Friday, November 18, 2016

Hemiplegia & the OT role

There are several types of paralysis that can happen in the body, hemiplegia being one of them. Hemiplegia is a paralysis of one side of the body and includes the upper limb, one side of the trunk, and the lower limb (Snell, p. 168). "Hemi": half, "plegia": paralysis or stroke.
According to the CHASA (Children's hemiplegia and stroke association), hemiplegia is a type of Cerebral Palsy which comes from damage to the part of the brain that controls muscle movements. Causes include but are not limited to CVA's or a stroke, TIA's, head trauma, intraventricular hemorrhage of the newborn, infections, brain tumor, Todd's paralysis, and many more.

*Cerebral Palsy: a condition caused by injury to the parts of the brain that control our ability to use our muscles and bodies. It often happens before birth, during delivery, or soon after being born. CP can be mild, moderate, or severe. According to the CDC< CP occurs in 1 in every 300 children. 
Symptoms of Hemiplegia in a child: they could have stiffness/weakness in muscles on ONE side of the body, only using one hand during play or favoring one hand before the age of 3 years old, keeping on hand in a fist, difficulty with balance and walking, difficulty with fine motor tasks, delay in developmental milestones. 
There is currently no cure for hemiplegia however therapies can help tremendously to support the functions of a person. The occupational therapy role for children with hemiplegia: to help improve their ability to perform tasks in their everyday life activities which include school activities, play, dressing skills, and so on. Specifically OT's can help with hand function/strengthening for the affected limb, modifying equipment in the classroom or at home, and splinting. 

A lot of children may have problems with their finger movements, and grasping and releasing objects on the affected hand, and possibly atrophy of the hand/arm. I currently have a child on my caseload with hemiplegia and wanted to research different wants to support him to use his affected hand and develop the skills to grasp and release toys on a functional level.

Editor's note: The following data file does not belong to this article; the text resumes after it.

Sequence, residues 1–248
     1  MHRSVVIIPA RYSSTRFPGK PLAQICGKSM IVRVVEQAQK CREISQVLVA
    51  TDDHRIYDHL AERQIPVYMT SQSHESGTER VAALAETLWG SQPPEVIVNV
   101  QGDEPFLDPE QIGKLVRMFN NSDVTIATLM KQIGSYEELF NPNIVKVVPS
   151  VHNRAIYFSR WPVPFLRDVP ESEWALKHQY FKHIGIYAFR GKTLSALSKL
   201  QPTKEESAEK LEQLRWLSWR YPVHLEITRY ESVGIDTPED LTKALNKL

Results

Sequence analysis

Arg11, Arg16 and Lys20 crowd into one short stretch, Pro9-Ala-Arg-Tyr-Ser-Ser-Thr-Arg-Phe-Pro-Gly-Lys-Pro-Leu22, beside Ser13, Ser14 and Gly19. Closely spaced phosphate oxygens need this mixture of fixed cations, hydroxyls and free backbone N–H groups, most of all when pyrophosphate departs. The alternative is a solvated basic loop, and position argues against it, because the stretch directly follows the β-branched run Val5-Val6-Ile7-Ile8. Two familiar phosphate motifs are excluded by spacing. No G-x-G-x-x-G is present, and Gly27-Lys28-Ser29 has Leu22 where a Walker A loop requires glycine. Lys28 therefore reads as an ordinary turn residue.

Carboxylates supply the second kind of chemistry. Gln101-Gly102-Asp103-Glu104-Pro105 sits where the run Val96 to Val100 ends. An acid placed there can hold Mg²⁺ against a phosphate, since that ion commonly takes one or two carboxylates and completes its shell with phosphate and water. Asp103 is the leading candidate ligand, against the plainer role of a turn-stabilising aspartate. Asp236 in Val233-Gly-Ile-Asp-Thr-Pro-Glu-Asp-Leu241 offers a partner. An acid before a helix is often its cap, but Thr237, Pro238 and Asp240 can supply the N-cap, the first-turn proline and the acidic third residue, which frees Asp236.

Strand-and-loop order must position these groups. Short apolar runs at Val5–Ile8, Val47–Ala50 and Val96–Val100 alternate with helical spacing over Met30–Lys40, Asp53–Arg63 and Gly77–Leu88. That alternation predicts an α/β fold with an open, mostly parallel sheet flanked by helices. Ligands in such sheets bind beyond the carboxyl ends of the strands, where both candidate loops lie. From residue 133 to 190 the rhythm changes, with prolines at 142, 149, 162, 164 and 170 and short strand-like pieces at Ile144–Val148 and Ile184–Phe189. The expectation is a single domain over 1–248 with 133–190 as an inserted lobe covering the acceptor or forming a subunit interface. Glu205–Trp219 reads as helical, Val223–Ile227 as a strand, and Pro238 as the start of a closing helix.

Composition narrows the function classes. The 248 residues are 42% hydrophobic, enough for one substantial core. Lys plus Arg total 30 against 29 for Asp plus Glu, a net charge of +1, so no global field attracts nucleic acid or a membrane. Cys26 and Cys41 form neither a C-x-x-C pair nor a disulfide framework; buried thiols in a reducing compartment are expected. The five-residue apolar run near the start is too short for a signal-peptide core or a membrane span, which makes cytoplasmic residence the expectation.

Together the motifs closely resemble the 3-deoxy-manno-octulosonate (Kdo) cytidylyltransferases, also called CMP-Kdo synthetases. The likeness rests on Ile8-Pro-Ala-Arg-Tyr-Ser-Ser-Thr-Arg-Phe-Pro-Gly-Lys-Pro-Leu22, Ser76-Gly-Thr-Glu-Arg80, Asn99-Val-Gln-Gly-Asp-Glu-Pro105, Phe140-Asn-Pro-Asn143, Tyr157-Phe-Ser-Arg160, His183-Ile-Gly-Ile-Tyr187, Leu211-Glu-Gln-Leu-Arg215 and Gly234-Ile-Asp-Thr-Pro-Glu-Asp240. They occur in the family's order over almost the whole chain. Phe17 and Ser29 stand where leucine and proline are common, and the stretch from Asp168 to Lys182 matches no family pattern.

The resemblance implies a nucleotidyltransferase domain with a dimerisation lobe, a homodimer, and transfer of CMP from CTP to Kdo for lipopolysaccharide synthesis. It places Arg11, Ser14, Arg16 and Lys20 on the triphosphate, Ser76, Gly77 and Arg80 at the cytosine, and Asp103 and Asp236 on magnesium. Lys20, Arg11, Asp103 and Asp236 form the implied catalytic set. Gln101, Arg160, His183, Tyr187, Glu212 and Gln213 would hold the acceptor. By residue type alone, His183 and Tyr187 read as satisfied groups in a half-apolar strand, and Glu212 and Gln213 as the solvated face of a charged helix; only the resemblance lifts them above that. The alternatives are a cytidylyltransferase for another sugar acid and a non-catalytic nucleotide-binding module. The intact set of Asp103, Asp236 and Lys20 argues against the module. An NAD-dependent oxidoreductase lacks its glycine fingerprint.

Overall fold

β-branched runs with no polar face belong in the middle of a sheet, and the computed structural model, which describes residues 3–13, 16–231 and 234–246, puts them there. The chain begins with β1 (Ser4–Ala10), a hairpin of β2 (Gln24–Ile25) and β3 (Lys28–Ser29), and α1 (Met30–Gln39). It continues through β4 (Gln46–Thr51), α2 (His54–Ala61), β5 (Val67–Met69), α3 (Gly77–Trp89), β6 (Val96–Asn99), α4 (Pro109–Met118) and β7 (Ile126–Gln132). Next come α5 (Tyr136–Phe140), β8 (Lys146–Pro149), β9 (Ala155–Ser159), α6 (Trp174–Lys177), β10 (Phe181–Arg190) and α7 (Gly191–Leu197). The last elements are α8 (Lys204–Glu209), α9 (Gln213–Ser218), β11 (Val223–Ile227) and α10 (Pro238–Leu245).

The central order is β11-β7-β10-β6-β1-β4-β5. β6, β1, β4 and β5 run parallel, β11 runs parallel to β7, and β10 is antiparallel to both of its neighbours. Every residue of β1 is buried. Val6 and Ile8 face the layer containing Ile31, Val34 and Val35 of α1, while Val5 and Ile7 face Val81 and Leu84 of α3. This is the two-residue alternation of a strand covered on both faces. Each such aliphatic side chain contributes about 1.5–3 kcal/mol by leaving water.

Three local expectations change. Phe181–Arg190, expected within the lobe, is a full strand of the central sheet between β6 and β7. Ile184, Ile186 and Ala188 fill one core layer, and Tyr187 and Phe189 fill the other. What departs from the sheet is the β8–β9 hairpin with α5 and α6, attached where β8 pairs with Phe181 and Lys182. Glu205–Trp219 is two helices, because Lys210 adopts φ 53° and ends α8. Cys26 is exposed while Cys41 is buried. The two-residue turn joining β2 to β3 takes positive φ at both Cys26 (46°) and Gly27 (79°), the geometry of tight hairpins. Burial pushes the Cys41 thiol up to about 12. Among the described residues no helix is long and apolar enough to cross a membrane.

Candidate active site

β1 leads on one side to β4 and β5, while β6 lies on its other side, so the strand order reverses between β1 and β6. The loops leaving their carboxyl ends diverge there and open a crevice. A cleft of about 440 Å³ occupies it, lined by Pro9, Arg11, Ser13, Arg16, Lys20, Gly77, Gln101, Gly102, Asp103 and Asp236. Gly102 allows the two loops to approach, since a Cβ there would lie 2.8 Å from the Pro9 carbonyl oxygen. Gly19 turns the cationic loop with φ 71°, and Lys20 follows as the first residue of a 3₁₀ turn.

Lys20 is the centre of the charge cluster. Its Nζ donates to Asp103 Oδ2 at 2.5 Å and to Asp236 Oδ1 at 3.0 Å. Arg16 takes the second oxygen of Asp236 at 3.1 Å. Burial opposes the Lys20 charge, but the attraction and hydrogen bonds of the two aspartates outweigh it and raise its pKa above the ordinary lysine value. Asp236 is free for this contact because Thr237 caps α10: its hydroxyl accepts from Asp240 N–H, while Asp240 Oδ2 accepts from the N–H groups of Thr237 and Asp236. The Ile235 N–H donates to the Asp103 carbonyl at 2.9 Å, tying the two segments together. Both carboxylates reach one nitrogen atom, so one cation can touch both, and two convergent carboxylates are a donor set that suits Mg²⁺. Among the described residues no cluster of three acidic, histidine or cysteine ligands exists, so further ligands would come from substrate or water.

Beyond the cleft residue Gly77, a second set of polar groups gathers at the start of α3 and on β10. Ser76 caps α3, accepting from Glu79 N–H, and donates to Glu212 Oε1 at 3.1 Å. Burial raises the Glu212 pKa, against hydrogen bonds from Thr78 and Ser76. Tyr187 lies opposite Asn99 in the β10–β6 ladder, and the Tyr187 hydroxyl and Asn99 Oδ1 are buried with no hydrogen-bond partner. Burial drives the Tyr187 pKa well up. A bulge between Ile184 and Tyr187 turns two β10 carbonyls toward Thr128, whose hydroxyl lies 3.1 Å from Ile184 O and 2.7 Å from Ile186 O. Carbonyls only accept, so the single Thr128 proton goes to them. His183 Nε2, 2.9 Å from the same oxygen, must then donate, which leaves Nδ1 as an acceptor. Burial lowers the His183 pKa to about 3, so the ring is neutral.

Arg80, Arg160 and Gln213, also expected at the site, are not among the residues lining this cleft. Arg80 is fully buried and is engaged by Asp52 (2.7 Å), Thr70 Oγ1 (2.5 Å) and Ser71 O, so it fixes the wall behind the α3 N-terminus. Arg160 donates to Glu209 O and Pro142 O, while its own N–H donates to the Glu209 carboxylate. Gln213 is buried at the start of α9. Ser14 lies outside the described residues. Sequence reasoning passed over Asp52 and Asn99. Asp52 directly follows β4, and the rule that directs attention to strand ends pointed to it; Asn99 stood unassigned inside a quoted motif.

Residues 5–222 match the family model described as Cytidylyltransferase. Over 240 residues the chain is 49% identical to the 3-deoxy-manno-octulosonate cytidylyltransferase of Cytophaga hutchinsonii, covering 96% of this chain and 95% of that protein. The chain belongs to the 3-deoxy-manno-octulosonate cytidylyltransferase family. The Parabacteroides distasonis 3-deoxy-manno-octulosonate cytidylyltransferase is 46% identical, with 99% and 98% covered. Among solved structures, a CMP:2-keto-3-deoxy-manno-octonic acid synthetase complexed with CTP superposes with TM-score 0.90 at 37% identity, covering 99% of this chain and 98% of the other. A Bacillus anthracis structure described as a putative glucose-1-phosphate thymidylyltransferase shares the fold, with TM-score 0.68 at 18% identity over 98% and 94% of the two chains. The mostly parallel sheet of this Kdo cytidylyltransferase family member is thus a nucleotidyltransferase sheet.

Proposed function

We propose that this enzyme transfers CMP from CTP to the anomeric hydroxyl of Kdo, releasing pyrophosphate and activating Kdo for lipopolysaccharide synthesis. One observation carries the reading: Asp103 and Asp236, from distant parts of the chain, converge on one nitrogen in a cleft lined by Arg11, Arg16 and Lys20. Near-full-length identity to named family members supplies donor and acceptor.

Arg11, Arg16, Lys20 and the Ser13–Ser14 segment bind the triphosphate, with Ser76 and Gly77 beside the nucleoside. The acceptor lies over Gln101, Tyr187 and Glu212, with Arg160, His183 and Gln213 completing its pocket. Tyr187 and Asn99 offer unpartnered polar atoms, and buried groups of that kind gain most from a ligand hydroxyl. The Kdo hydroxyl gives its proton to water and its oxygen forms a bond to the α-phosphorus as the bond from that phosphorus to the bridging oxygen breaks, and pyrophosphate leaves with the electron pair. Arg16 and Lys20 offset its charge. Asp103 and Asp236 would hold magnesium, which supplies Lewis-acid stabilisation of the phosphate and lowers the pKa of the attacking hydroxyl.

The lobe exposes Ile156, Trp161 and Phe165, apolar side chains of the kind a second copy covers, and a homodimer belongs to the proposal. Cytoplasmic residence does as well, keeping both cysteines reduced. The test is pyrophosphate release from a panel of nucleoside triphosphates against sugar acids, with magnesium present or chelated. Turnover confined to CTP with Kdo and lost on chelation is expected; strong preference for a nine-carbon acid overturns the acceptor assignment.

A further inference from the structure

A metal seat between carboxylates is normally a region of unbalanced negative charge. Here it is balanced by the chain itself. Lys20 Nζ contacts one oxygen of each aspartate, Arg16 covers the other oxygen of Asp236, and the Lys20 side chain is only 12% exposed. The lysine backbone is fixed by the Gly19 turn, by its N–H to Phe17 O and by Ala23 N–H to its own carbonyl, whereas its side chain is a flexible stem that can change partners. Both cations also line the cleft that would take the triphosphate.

1. Stretching is important to improve and support movement in the upper extremity to prevent further stiffness. 
-Unilateral reaching to support lengthening of affected side 
-Passive range of motion exercises: "the benefits of mobilization include maintenance of joint lubrication, prevention of secondary orthopedic problems, maintenance of soft-tissue length, and possible reduction of spasticity by acting on the nonneural components of spasticity (Gillen, p. 460)."

2. Sensory activities to the affected upper extremity 
-Weight bearing activities 
-Refrigerated cookie dough: child has to make a ball with both hands and (grasping) and then release it onto baking sheet 
-Waving bubble wands 
-Stirring with affected hand (e.g. stirring in a sensory bin)

3. Support bilateral play so that the child has to use both hands 
-Opening boxes, bags of food/toys/candy 
-Scrunching paper together with both hands
-Pushing something with both hands (e.g. a box, laundry basket, a scooter)
Teeter Popper: support bilateral integration and coordination, grasp, balance, and sensory input (popping noise, rocking movement). Found for $34.95 on Amazon. 

*A short video I found helpful on hemiplegia made by to address what hemiplegia is and how it may affect a person's life. 

Gillen, Glen. Stroke Rehabilitation. A Function-Based Approach. 4th ed., St. Louis, Elsevier, 2016, p. 460. 
Snell, Richard S. Clinical Neuroanatomy. 7th ed., Baltimore, Lippincott Williams & Wilkins, 2010 p. 198. 

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